WESTLAKE VILLAGE, Calif. -- When wireless customers are not able to have their service inquiry resolved on the first contact, thus having to re-contact their carrier and spend additional time on the phone, customer satisfaction declines, according to the J.D. Power 2014 U.S. Wireless Customer Care Full-Service Performance Study—Volume 1 and the J.D. Power 2014 U.S. Wireless Customer Care Non-Contract Performance StudySM—Volume 1, both released today.
The re-contact rate among full-service wireless customers who contact their carrier by phone has risen to 23 percentage points from 17 percentage points in 2011, a 6 percentage point increase in two years.
Among full-service wireless customers who resolve their issue during a single phone call, satisfaction is 846 (on a 1,000-point scale) and declines to 662 when problem resolution takes two or more calls.
When customer service hold times are less than 5 minutes, overall customer care satisfaction is 843, compared with 603 when hold times are 15 minutes or longer.
The likelihood of full-service wireless customers switching carriers increases from 16 percent when their service call lasts less than 5 minutes to 30 percent when their call lasts 15 minutes or more.
Less than one-fifth (17%) of full-service wireless customers indicate that their most recent customer service inquiry was resolved in 5 minutes or less, while 20 percent indicate that resolution took 25 minutes or more.
Satisfaction among full-service wireless customers whose problem is resolved by a representative over the phone in less than 5 minutes is 881. Satisfaction among those full-service wireless customers who experience calls in excess of 25 minutes declines to 604.
More than one-fourth (26%) of the re-contact calls lasting more than 25 minutes are the result of a previous customer contact that was not resolved either by visiting a retail or carrier website.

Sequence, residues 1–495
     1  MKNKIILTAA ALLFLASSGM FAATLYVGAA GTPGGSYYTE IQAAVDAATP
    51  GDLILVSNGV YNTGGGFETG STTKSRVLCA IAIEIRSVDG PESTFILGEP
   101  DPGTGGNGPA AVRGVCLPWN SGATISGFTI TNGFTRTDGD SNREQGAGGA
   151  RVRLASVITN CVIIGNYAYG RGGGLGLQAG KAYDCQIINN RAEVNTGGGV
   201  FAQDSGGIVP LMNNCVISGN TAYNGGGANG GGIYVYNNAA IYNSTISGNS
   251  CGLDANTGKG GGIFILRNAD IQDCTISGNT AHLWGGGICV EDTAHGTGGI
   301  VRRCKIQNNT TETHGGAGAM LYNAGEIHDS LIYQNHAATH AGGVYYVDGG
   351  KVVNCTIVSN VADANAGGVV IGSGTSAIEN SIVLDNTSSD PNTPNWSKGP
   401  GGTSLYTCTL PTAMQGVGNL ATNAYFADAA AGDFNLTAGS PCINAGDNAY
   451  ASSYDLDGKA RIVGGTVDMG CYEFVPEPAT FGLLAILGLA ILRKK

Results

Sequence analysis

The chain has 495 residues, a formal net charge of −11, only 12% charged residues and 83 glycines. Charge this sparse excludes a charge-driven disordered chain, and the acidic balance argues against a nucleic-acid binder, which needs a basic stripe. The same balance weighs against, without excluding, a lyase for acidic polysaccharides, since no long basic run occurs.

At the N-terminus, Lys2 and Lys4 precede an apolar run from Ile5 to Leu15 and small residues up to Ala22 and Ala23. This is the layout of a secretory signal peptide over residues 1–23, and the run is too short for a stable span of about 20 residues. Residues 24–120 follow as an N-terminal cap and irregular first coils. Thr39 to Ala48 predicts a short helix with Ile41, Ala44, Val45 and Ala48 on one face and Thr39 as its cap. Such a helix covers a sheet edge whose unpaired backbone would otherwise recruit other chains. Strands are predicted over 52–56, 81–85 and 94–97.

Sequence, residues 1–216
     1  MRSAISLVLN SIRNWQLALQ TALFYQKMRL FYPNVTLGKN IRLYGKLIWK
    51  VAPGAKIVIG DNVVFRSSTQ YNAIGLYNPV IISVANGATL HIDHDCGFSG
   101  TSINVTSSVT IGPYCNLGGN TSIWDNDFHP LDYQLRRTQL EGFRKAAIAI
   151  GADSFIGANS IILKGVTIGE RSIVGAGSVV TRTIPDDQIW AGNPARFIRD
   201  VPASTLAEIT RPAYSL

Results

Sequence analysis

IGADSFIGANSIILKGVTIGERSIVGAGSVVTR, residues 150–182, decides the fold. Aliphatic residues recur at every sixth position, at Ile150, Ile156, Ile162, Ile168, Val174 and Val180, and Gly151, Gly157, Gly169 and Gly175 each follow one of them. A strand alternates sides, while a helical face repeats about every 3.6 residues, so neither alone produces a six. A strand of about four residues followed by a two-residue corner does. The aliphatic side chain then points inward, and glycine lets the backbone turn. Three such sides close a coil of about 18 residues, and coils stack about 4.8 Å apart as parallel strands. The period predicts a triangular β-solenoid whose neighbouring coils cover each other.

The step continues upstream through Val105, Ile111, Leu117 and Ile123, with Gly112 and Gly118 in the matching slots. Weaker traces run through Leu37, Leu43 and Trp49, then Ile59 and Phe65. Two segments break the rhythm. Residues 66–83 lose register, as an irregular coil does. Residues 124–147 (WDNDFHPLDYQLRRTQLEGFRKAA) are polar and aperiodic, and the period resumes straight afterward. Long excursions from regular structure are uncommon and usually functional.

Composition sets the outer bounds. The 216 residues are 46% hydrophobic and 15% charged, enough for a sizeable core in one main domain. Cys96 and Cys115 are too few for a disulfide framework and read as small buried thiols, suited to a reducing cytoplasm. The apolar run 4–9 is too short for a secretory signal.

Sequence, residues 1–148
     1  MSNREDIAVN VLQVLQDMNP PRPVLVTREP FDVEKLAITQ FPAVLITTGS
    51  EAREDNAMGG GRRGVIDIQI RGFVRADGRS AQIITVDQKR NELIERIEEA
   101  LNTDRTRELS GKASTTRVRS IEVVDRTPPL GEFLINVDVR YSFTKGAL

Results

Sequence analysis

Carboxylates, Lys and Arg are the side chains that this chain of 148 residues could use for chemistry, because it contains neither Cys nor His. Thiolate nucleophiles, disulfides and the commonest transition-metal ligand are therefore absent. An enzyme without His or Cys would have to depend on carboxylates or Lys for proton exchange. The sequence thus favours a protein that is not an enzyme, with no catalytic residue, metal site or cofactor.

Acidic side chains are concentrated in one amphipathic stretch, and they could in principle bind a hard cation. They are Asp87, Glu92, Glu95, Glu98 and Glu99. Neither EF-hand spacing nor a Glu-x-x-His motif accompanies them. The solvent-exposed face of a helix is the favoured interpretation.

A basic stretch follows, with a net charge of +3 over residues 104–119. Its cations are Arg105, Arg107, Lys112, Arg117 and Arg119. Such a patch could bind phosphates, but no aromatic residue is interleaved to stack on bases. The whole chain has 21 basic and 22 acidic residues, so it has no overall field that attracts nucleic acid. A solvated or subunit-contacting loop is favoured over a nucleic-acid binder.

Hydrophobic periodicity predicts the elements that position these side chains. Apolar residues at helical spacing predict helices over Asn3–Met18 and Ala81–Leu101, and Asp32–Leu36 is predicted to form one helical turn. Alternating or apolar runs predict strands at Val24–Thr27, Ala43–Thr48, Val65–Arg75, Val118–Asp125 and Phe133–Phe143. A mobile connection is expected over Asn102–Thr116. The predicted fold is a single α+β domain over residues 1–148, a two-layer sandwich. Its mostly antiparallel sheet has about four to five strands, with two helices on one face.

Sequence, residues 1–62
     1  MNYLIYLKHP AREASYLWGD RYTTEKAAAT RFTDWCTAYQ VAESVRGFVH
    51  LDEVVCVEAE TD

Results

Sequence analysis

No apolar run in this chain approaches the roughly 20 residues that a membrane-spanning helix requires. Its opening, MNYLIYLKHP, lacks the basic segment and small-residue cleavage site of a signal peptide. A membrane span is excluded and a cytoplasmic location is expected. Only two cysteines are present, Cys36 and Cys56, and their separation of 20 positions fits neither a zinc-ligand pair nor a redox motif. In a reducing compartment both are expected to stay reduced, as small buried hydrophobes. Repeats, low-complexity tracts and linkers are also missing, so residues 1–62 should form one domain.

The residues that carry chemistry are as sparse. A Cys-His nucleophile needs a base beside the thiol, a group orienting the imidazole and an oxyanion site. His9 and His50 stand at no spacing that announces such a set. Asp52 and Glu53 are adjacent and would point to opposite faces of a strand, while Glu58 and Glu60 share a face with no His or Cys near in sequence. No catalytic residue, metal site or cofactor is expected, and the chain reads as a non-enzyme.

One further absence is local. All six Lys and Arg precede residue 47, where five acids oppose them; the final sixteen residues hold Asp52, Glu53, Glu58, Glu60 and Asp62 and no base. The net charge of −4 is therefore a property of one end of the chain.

Now if they could work on their bandwidth meters I'm still curious to how many customers on AT&T are calling in over inflated data charges. The last end billing date on my account shown 9.6Gb of usage on the AT&T Wireless meter (at 9:30pm final billing day), yet 5 days later when the billing spooled, their data usage billing inflated to nearly 11.5Gb of usage, billing my account overages without notice that it had gone over the initial 10Gb of usage for my data plan. While the AT&T billing rep credited my account the 15$ without much question, I have still filed a complaint with the FCC over the issue. I'm awaiting AT&T's Illinois rep to contact me so I can send them their usage spreadsheet math and proof of their meter/billing scam.
It would also be worth noting AT&T's survey practices. If you call into the carrier and have what is deemed a nice call, you get sent text surveys. If you are angry with the carrier, you do not get a survey.
Light Reading is spending much of this year digging into the details of how automation technology will impact the comms market, but let's take a moment to also look at how automation is set to overturn the current world order by the middle of the century.
Understanding the full experience of women in technology requires starting at the collegiate level (or sooner) and studying the technologies women are involved with, company cultures they're part of and personal experiences of individuals.
During this WiC radio show, we will talk with Nicole Engelbert, the director of Research & Analysis for Ovum Technology and a 23-year telecom industry veteran, about her experiences and perspectives on women in tech. Engelbert covers infrastructure, applications and industries for Ovum, but she is also involved in the research firm's higher education team and has helped colleges and universities globally leverage technology as a strategy for improving recruitment, retention and graduation performance.
She will share her unique insight into the collegiate level, where women pursuing engineering and STEM-related degrees is dwindling. Engelbert will also reveal new, original Ovum research on the topics of artificial intelligence, the Internet of Things, security and augmented reality, as well as discuss what each of those technologies might mean for women in our field. As always, we'll also leave plenty of time to answer all your questions live on the air and chat board.